Australia isn’t known for its autumn foliage—we’ve got a few deciduous trees in tropical regions and only one native temperate deciduous tree which can be found in Tasmania, so Victoria is all out of luck when it comes to natives in Autumn.
But European migration didn’t just bring espresso and kickass Turkish kebabs to Melbourne, it also introduced deciduous trees. British ex-pats may sniff at our idea of autumn leaves, but when you’ve grown up surrounded by eucalypts, any flash of red is going to seem pretty impressive. Generally, you want to head north of Melbourne for the best autumn foliage, or at least up into the hills where the air is cool—Macedon and Mt Dandenong are always good bets. Get a picnic hamper packed and jump in the car, these are the best spots for autumn leaves in Victoria.
Alfred Nicholas Memorial Gardens
You don’t really need to visit a proper garden to get a good look at autumn leaves in The Dandenongs. Ash trees, Maple trees and Liquid Amber line most of the roads. But the Alfred Nicholas Memorial Gardens are kind of special. Take the turnoff just before you get to Sassafras and stop when you get to the carpark.
Entry to the gardens is free and they’re open year-round (except for Christmas Day). Just thank Alfred Nicholas, the guy who invented Aspro painkillers. The foliage is pretty spectacular all through the gardens, but wander down to the ornamental lake for that picture postcard Autumn shot of golden ginkgo leaves over the water.
Gardens Of Glenlyon
It’s one of those tiny blink-and-you’ll-miss-it country towns. There isn’t much in Glenlyon, but it does have some of the best autumn foliage anywhere in Victoria. Every year the main street lights up in a firework display of reds and oranges. Next time you’re heading to Spa Country, take a detour and stop off at the Glenlyon General Store for a pie and a walk beneath the trees. As pit stops go, it’s pretty awesome.
Known as the ‘jewel’ of Mount Macedon, the Tieve Tara estate is home to the region’s most famous gardens. It’s definitely worth the $10 entry any time, but especially in autumn when the pine oaks, aspens and copper beaches all transform at once. The ground becomes a carpet of amber leaves—one of those spots where you just can’t take a bad picture. There are 7.5 acres of lawns, lakes and trees to explore, and the gardens open from 10:30am. The best picnic spots generally fill up in peak season, so get in quick and stake out some prime real estate. Fun fact: the property is currently for sale so it could all be yours if you’ve got a spare few million lying around.
The Valley Of Liquidambers
Good name, eh? Liquidambers, FYI, are a species of American sweetgum, and as the name suggests, they look pretty darn fine in the Fall (that’s ‘autumn’ to you and me). Heathcote isn’t exactly on the radar of many day-tripping Melburnians, but it ought to be. The food’s good, there’s vineyards around every bend, and the hillsides come alive in autumn time, especially in the Valley. You’ll find it alongside the McIvor Creek, near the centre of town. The perfect picnic spot.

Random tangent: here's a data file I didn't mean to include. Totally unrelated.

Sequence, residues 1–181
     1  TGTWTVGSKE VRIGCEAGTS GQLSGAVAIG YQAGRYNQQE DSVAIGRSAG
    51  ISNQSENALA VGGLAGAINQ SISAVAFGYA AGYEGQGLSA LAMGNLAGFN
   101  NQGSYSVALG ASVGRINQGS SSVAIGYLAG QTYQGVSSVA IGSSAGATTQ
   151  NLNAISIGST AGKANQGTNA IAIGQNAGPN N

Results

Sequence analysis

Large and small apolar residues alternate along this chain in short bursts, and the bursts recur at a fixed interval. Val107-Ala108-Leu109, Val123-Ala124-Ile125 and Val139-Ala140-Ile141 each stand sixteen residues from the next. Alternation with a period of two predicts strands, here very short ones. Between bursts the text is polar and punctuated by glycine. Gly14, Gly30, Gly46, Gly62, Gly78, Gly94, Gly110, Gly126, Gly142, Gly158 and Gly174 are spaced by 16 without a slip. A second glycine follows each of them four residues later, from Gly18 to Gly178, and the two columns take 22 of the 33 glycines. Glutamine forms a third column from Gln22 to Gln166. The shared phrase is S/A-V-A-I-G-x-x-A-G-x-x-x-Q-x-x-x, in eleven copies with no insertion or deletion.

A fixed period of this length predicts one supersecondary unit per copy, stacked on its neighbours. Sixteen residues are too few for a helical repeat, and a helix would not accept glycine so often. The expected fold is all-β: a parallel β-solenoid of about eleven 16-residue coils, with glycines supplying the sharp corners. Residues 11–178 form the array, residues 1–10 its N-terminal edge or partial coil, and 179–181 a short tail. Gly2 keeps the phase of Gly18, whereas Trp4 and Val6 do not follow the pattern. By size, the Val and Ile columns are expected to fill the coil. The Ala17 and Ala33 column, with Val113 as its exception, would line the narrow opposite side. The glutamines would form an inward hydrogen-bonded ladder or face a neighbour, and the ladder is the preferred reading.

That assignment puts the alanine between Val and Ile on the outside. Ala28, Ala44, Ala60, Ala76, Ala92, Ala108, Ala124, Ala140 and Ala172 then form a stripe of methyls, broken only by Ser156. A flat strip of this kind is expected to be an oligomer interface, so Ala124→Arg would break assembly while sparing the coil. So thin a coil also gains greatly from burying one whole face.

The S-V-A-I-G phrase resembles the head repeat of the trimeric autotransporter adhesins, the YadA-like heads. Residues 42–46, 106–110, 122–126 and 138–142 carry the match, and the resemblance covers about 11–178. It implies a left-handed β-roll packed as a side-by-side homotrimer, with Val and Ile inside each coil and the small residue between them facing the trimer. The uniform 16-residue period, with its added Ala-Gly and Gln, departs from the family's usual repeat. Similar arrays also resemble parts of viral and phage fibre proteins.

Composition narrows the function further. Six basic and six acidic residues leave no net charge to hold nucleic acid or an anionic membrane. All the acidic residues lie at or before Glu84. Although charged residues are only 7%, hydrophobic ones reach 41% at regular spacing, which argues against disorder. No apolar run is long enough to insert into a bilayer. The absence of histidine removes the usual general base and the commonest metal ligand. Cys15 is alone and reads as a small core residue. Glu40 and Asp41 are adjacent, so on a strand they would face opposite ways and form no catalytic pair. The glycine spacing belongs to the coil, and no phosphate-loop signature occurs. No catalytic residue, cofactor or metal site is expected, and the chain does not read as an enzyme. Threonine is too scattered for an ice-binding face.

Sitting at a cool 580m above sea level (practically alpine by Melbourne standards), Cloudehill is right at the top of the Dandenongs, where the air is cool and the soil is all volcanic loam. Perfect for growing pretty much anything, but especially deciduous European trees.
Wander down the Gallery Walk, just east of the entrance, or through the Cool Borders further south—that’s where you’ll find the best autumn foliage. The gardens are open 7-day from 9am – 5pm and admission is $10. Stretch the legs, then head into Olinda for antiques and scones (or stay put and go full Devonshire in the Cloudehill restaurant). It doesn’t get more Dandenongs than that.
Maroondah Reservoir Park
Not a park that makes its way onto many Best of Melbourne lists, but if you ever stumbled on it, you’ll probably want to keep it a secret too. Maroondah Reservoir Park is down in Healesville, and is one of those wildernesses that looks spectacular any time of the year.
In winter the rains fall and waters gush over the big river spillway. In spring the azaleas and rhododendrons (try spelling that one without Google) are in full bloom. And in autumn most of the park breaks out in a crazy tapestry of red and amber foliage. Pro tip: Get your iPhone camera ready for the Rose Stairway. It’s an absolute stunner.
Walhalla Goldfields Railway
This tiny gold rush-era town in Gippsland is home to only 20 permanent residents, so it’s the perfect, tranquil spot to find spectacular displays of autumn leaves. Take a ride on the Walhalla Goldfields Railway through the beautiful Stringers Creek Gorge and Happy Creek—yes, that’s a real place. April is the best time to go, with the majority of the train line zooming through autumnal tapestries of colour. Alternatively, if you want to get your body moving then trek along the Goldfields Rail Trail. Both options are a treat for the eyes.
If you’re just after a hint of autumn on your lunch break or don’t want to venture too far out of the city, then Fitzroy Gardens is the place to go. These heritage-listed gardens on the doorstep of the CBD are lined with mature elm trees that put on a show of colour every autumn. Take yourself for a stroll or stay a while for a picnic on the lawns, there are 26 hectares of gardens to choose from.
Royal Botanic Gardens
You didn’t think we’d leave the Royal Botanic Gardens out, did you? With over 6000 species of trees and 50,000 plants in the gardens, you’re bound to get all shades of autumn on display whenever March rolls around. The gardens are stunning all year but autumn brings on a whole new realm of colour that’s well worth seeing every single time. We’d recommend heading to the Oak Lawn to find all the crunchy leaves on the ground, it’s also the best spot for photos too.
Now you know where to find the leaves, make a day of it and check out these awesome walks around Melbourne.
Image credit: Michelle Jarni